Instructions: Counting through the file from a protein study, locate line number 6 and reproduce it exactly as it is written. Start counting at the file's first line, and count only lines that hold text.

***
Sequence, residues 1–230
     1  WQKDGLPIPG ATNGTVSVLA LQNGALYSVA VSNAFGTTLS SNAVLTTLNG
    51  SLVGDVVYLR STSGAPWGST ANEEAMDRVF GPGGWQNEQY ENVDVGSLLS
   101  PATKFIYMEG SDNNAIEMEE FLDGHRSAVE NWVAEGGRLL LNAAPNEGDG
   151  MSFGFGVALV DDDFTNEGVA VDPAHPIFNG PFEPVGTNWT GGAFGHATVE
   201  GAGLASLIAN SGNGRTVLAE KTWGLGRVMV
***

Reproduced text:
   201  GAGLASLIAN SGNGRTVLAE KTWGLGRVMV